BR: Actually, I didn’t. It was pulled down at the request of Vince Russo and TNA management. That was not a 1wrestling.com decision. I would have loved to have had it up and hoped it could have returned. I think that it was a well-written column and it gave a different perspective coming from someone who had written that show before criticizing it. I thought it was a pretty interesting combination of something that would have had a lot of potential to really give fans a new way of looking of how they criticize shows.

RN: A fair amount of people are saying that the TNA shows as of late have been “Russoed” down so to speak. What do you think about the people who are always saying that there is not enough wrestling?

BR: I think they need to watch our show and compare the wrestling on our show with other shows. We are total nonstop action; certainly, we are going to have character development segments. That’s going to happen, but we would put our show up against the WWE any day of the week as far as wrestling versus wrestling.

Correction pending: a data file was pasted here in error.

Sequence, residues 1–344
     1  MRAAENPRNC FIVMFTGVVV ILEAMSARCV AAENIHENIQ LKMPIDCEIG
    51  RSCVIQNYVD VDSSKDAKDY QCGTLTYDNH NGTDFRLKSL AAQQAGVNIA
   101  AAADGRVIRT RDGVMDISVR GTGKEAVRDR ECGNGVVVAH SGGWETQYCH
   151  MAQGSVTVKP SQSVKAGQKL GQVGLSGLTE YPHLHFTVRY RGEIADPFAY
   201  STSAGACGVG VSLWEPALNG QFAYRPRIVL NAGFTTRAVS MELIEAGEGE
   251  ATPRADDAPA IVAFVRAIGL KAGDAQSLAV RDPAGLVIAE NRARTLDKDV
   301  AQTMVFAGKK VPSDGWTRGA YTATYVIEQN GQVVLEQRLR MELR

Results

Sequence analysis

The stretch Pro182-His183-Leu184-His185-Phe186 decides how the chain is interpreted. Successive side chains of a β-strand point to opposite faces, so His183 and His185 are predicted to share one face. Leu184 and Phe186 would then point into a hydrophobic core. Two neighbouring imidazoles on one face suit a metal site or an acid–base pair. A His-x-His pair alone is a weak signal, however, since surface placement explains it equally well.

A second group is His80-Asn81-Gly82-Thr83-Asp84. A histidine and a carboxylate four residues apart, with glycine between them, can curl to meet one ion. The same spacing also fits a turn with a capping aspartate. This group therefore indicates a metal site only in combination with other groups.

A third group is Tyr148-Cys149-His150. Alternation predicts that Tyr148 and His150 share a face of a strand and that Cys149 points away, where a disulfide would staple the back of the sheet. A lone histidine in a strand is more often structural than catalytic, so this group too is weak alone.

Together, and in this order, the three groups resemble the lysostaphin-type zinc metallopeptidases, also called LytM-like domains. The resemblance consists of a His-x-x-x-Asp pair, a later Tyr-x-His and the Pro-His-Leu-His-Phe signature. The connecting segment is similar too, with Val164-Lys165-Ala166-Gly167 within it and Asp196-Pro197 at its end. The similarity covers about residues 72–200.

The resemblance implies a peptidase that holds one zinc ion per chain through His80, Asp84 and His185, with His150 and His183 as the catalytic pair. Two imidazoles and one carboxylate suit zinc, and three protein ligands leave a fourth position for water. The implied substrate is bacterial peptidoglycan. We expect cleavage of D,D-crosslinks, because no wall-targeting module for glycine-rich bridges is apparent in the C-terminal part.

RN: Is there a chance of getting a TV deal within the next year?

BR: You never know. We’re trying to expand our syndication network. We’re getting more stations for Xplosion. We’re talking to several different people in the cable industry about the possibility of putting a weekly free TV show on but we would never, at this point anyway, consider stopping what we’re doing as far as pay per views.

RN: Do you have any parting words for all the fans out there?

BR: I just wanted to thank everyone who supported us in year one. We couldn’t have made it this far without the support of a lot of people that are listening to this. I would also like to thank everyone who was involved behind the scenes with TNA. We’ve got the best staff in the world and some of the best talent in the world. I’m very proud to have been a part of it, and I’m looking forward to year two. I just hope people will give us a chance and check us out. If you’ve never watched us before, tune in. It’s not very much money, $9.95 a week. That’s not very much for the kind of show that we put on and I think that you’ll enjoy it.

RN: Thank you so much for agreeing to do the interview.

What sticks out to me in retrospect is just how much of a company man Ryder was then and up until his death.

IMPACT Wrestling released a touching statement by Anthem Sports & Entertainment executives Ed Nordholm and Scott D’Amore describing Ryder as the heart and soul of the promotion. I do not profess to have known Ryder like so many of his contemporaries because we only crossed paths a handful of times but I am forever grateful for the professionalism he showed me when I was a just college kid with a tape recorder.

Bob Ryder, key behind-the-scenes player, dies